Prediction: Jay Bruce would finally win over Mets fans by giving them a .750 OPS, while José Reyes would be banished from Flushing for good by the end of the season.
What Really Happened: Bruce gave Mets fans a .841 OPS, earning a trade to Cleveland, but New York welcomed him back as a free agent in January. Despite being far worse (a .315 OBP), Reyes was allowed to bat 501 times for the Mets, and he too was re-signed in January.

Prediction: The Dodgers would have the NL's stingiest bullpen, followed by the Marlins.
What Really Happened: The Dodgers did rank first in the NL in bullpen ERA (3.38), but the Marlins ranked 10th (4.40).

Prediction: Félix Hernández would post a career-low strikeout rate and flirt with his career-high ERA of 4.52. However, Drew Smyly would make up for it with a 3.20 ERA. James Paxton would finally pitch to his 2.80 FIP.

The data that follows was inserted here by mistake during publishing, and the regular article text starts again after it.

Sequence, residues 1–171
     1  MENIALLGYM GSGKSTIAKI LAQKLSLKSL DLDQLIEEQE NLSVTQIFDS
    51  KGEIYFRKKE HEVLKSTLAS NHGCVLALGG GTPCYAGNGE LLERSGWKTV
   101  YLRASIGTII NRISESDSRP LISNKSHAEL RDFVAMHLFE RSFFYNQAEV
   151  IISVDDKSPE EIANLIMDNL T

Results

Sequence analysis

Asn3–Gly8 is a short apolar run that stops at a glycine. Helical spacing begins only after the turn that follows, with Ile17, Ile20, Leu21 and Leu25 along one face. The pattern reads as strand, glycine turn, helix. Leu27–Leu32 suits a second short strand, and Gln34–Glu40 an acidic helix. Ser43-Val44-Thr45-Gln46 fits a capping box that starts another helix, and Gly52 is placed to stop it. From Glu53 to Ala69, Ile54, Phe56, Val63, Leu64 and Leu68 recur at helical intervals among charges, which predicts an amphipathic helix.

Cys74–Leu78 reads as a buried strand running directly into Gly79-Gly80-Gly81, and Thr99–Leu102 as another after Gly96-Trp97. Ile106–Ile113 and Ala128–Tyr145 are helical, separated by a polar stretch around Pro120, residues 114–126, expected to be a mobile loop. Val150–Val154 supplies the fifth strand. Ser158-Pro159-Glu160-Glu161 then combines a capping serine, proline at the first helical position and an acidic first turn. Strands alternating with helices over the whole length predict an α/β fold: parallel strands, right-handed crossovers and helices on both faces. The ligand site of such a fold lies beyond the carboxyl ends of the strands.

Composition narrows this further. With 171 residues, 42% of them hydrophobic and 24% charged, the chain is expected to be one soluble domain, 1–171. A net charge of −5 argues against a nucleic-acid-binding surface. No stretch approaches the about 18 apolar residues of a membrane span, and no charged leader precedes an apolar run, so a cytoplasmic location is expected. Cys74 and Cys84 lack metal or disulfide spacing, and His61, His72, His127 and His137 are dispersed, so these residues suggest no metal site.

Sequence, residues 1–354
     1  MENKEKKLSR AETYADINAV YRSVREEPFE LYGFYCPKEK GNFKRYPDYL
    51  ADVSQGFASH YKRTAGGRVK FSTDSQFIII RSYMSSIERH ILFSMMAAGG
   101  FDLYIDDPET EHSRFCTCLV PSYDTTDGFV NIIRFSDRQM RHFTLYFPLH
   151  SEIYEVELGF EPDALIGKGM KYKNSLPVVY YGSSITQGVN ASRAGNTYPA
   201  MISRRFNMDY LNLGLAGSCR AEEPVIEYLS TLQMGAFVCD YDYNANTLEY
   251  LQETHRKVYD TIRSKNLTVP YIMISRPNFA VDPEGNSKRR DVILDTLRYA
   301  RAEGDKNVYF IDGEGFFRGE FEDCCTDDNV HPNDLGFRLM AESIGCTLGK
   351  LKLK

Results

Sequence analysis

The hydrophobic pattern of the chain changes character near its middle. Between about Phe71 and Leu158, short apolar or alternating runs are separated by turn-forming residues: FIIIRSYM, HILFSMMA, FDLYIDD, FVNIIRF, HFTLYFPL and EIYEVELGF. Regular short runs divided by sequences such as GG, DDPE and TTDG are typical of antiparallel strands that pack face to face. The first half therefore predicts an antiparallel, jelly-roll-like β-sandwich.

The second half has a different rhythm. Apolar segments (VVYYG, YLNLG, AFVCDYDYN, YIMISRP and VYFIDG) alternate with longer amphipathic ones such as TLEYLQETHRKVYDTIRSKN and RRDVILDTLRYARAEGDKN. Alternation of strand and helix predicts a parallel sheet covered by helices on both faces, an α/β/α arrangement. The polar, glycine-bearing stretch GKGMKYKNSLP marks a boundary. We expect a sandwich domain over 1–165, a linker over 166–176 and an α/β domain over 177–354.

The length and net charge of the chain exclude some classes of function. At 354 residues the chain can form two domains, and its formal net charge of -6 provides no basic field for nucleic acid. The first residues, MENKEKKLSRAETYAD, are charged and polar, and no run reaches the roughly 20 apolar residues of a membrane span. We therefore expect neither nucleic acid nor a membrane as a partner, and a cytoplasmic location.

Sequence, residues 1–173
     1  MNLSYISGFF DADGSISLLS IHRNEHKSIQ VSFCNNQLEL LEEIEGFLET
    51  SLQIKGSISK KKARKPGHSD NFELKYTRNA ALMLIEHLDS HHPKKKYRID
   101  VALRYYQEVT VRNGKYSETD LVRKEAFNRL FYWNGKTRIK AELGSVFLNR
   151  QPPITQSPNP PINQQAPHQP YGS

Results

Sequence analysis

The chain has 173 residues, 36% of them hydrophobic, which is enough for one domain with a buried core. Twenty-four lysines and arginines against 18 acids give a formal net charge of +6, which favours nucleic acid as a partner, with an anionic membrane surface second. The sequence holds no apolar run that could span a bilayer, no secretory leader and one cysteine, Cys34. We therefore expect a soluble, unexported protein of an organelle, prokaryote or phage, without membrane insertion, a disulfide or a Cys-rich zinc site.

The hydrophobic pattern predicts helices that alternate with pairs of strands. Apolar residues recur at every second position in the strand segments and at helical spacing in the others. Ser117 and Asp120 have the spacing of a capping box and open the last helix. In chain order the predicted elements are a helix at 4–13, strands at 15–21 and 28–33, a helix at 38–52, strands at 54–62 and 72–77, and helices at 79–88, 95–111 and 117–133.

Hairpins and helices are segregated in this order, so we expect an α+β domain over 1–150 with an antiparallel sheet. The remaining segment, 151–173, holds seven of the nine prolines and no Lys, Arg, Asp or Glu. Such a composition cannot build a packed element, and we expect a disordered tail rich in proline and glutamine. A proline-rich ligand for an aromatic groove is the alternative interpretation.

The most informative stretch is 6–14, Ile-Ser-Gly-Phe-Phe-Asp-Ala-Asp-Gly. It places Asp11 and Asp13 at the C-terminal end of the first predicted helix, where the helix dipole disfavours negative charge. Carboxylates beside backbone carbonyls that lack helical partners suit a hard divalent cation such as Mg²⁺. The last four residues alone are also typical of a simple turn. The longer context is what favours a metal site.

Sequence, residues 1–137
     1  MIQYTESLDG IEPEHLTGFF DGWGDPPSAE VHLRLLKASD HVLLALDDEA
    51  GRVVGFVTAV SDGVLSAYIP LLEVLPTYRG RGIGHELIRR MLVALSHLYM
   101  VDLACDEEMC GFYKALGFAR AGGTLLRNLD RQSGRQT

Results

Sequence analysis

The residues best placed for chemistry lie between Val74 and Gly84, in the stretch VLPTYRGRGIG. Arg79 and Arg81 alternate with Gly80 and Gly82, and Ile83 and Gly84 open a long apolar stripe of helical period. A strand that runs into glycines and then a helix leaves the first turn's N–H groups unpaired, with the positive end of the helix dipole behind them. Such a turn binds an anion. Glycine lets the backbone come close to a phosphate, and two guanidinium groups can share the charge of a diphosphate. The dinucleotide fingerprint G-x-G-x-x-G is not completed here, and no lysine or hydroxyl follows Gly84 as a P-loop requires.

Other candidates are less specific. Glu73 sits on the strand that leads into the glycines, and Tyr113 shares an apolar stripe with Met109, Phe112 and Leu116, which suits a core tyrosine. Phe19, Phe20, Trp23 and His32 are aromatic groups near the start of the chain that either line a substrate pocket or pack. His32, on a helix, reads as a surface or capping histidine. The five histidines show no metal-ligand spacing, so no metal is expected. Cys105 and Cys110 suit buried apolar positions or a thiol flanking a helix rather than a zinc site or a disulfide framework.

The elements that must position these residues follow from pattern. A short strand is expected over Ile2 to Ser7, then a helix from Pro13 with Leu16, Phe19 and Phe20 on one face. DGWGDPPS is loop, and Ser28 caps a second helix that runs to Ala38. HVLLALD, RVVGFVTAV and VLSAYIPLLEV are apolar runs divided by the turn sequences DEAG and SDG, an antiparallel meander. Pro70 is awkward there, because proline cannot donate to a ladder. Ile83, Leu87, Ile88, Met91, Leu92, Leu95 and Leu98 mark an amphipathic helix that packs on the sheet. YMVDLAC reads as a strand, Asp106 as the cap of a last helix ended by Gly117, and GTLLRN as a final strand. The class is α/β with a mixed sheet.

What Really Happened: Hernández's 21.2% strikeout rate wasn't the lowest of his career, but his ERA did soar to 4.36. Smyly didn't pitch an inning all season, going under the knife in June. Paxton did indeed have that breakout season, posting a 2.98 ERA, but it still didn't catch up to his FIP, which was an outstanding 2.61.

Prediction: David Dahl would surpass outfield-mates Carlos González and Charlie Blackmon in WAR.
What Really Happened: Dahl never played in the majors all year long, so obviously he failed to do so. It would've been easy to beat out González (−0.2 WAR), but Blackmon got MVP votes with his 6.5 score.

Prediction: Steven Souza would finally have that 20/20 breakout season, and Colby Rasmus and Matt Duffy would match their career-high WARs for the Rays.